Following my post from last week about Domestic Violence Awareness Month, which led me to consider the violence women may experience in the birth place, I came across some relevant quotes in the book Giving Birth by Sheila Kitzinger. The book is an older one (late 80's), but the quotes are strikingly on target for birth issues today:
"We are only now discovering the long-term destructive effect on human beings and families of treating women as if they were merely containers, to be opened and relieved of their contents; and of concentrating attention on a bag of muscle and a birth canal, rather than relating to, and caring for, the person to whom they belong. The violence which is a common element in childbirth today leaves many women feeling that birth has been a kind of rape. This sort of experience is not easily forgotten. It can shatter a woman's self-confidence, make her doubt her ability to mother her baby, destroy joy in the expression of her sexuality, and attack her very sense of self--the roots of her identity. It is psychologically mutilating."
I have posted before about birth as a consumer issue. CfM is the consumer organization dedicated to promoting the midwives model of care. Interestingly, this book takes a different angle on this than I have before:
"Increasingly, obstetricians have been forced by pressure from women to aim to 'satisfy the consumer,' as if they were running a supermarket...But a fundamental change in attitude is necessary. Women, after all, are not 'consumers.' They are producers. They give birth to babies. The commercial model is an unsuitable one. We need instead to develop a model of care based on a sense of community of service to support the natural process of birth and respond to women's needs."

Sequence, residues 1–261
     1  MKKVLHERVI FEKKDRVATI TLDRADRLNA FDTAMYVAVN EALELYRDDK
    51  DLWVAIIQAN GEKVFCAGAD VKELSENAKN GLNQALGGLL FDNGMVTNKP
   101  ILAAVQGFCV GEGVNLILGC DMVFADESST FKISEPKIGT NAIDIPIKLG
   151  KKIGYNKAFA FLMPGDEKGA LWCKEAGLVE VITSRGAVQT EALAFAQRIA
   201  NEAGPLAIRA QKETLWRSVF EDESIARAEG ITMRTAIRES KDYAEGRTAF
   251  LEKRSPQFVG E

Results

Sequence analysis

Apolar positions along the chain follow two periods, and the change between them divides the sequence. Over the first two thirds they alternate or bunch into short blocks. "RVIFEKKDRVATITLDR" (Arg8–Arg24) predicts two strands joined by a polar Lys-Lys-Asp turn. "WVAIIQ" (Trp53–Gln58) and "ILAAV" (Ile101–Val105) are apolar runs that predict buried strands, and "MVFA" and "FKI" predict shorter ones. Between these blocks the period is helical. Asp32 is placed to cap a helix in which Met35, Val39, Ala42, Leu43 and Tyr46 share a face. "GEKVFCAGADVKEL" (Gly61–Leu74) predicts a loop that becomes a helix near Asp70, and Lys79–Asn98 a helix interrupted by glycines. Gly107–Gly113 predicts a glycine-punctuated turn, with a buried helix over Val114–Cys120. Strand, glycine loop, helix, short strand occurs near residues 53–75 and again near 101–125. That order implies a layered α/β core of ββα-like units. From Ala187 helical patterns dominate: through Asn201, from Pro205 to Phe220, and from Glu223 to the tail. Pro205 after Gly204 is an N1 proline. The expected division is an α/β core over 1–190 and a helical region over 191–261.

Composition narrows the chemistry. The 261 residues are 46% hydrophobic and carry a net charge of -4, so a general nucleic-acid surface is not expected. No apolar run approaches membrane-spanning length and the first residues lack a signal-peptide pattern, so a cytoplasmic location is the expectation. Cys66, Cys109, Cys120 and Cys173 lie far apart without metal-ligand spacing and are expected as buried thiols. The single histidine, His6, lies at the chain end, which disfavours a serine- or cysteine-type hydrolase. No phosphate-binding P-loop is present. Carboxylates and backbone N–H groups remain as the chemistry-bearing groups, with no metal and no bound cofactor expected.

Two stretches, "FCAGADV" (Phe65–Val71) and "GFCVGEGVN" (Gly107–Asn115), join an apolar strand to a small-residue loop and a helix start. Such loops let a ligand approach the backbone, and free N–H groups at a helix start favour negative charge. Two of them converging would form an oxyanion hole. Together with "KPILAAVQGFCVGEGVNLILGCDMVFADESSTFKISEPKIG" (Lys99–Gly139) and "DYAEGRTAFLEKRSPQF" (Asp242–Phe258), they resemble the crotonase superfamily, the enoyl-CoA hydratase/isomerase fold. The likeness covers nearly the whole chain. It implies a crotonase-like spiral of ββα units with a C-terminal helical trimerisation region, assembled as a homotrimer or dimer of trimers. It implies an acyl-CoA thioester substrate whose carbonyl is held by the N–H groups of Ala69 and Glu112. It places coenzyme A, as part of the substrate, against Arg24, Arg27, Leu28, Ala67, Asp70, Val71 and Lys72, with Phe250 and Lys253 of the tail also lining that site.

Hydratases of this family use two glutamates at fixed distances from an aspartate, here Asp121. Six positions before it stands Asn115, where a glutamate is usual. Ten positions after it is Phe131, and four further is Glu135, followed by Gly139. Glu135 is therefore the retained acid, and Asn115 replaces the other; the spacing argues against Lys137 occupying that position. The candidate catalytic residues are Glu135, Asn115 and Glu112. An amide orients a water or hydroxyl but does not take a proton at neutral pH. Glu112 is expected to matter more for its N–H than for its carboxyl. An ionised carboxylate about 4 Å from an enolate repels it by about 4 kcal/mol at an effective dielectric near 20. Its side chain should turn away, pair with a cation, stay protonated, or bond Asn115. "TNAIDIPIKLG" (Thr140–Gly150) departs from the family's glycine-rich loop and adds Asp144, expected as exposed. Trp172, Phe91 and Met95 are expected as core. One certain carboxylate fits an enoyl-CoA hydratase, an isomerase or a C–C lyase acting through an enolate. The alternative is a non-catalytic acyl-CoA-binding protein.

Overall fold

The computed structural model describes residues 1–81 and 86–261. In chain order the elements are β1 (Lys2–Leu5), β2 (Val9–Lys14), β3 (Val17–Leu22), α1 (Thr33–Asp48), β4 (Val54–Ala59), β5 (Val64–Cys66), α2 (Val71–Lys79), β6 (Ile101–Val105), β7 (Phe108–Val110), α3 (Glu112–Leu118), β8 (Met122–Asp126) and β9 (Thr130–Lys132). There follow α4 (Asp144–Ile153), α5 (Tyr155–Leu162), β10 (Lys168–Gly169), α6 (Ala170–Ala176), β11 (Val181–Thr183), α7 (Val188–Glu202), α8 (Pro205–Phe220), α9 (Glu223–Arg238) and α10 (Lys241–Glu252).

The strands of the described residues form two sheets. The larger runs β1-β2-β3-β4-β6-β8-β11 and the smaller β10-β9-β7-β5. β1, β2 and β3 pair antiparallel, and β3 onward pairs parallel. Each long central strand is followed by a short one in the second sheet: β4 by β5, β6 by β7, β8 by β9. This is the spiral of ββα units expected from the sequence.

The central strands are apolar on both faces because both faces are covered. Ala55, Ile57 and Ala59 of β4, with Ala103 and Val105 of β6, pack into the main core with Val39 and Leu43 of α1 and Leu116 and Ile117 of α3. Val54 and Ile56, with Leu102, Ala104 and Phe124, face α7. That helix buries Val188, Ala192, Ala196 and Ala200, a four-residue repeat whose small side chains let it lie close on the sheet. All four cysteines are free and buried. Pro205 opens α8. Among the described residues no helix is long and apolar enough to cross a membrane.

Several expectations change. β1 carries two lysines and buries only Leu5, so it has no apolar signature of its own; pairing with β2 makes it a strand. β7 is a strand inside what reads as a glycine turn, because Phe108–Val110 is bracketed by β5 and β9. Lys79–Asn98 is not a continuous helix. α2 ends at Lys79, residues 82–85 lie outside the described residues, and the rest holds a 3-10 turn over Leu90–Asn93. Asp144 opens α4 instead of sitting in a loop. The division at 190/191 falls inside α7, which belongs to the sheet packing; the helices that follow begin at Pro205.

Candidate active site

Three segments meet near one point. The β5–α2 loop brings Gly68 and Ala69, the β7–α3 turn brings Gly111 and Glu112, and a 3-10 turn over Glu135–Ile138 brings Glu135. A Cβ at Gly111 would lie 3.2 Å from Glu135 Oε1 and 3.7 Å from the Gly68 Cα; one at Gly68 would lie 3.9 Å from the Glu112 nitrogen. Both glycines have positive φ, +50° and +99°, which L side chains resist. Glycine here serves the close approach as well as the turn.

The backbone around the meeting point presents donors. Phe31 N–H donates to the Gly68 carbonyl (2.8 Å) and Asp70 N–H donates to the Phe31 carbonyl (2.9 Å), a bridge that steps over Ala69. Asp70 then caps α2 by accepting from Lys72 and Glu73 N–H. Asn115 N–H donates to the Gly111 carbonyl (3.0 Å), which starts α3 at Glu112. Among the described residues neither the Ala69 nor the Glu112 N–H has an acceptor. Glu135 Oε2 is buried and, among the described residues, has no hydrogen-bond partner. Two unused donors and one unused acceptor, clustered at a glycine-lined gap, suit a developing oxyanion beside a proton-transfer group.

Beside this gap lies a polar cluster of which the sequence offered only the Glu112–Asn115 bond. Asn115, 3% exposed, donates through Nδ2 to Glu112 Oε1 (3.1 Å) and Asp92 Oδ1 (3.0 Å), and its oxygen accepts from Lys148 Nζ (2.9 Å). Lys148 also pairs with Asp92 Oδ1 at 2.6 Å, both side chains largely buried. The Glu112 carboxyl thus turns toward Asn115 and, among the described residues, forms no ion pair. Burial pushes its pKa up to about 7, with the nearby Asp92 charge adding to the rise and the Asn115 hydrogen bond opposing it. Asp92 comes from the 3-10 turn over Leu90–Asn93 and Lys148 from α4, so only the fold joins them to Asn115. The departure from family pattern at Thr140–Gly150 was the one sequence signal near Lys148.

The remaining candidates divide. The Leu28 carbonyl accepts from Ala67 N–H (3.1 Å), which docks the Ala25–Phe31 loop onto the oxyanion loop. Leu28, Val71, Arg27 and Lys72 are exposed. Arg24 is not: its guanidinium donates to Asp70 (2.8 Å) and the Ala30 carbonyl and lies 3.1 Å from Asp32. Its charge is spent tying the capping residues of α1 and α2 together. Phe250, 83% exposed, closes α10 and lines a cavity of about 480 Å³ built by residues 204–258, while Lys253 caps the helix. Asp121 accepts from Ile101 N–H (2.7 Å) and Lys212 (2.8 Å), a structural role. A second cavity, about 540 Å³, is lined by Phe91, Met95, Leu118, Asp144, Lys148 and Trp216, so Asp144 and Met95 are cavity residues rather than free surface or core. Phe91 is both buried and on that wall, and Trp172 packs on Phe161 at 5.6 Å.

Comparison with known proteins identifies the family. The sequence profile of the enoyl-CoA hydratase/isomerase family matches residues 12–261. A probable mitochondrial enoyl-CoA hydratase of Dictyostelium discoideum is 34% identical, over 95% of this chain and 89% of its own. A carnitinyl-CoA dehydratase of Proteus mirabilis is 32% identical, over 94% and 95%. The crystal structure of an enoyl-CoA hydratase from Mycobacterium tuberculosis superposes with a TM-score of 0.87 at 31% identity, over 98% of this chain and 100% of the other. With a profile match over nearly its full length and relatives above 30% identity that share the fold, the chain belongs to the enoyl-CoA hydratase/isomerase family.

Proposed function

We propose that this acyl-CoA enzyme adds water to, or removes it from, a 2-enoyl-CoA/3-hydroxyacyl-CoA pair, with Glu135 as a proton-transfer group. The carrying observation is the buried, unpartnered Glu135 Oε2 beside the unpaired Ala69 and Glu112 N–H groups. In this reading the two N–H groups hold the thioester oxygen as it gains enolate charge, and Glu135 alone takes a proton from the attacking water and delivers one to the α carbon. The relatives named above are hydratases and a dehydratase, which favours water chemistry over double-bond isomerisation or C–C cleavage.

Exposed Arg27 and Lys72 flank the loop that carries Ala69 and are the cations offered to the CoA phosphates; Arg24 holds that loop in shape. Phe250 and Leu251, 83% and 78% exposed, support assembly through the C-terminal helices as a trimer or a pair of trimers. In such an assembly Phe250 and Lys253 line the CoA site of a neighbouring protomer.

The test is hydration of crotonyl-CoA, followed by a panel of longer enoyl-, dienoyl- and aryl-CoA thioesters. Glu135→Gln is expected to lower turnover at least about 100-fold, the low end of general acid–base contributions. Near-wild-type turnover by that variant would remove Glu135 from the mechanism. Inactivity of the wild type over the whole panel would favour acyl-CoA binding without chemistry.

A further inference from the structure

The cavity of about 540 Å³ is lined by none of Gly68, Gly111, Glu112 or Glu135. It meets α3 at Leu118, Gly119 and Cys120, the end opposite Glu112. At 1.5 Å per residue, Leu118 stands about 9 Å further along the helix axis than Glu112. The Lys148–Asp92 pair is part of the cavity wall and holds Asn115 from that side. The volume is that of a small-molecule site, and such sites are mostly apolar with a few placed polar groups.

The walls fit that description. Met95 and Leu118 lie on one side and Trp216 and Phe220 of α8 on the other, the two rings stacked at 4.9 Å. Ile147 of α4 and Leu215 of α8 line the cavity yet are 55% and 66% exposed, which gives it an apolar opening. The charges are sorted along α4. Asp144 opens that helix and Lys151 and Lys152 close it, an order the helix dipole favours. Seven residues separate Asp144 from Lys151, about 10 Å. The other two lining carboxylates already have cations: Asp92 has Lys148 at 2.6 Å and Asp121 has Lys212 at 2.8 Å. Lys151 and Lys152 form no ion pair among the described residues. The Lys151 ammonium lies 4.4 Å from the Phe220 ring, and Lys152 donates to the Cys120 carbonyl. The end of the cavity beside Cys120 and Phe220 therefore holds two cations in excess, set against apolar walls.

I'd say this is a need filled by the midwives model of care!
Another interesting quote from this book is with regard to "old wives' tales."
"'Old wives' tales,' says the Oxford dictionary, are 'trivial stories, such as are told by garrulous old women.' It is significant that no one ever talks about 'old husbands' tales' or 'old doctors' tales.' Women are blamed instead. It is implied that there is poison in their speech and that the only safe thing to do is remain silent. The experiences that women share with other women are thus rejected and trivialized...In reality, it is not other women who instill and fuel anxiety in most pregnant women, but the medical system itself."
I think we should start to acknowledge the existence of "old doctors' tales." I've certainly heard a number of them!
A final quote from this book that feels relevant, "a good obstetrician works much better when he or she can work with the mother and not just on her."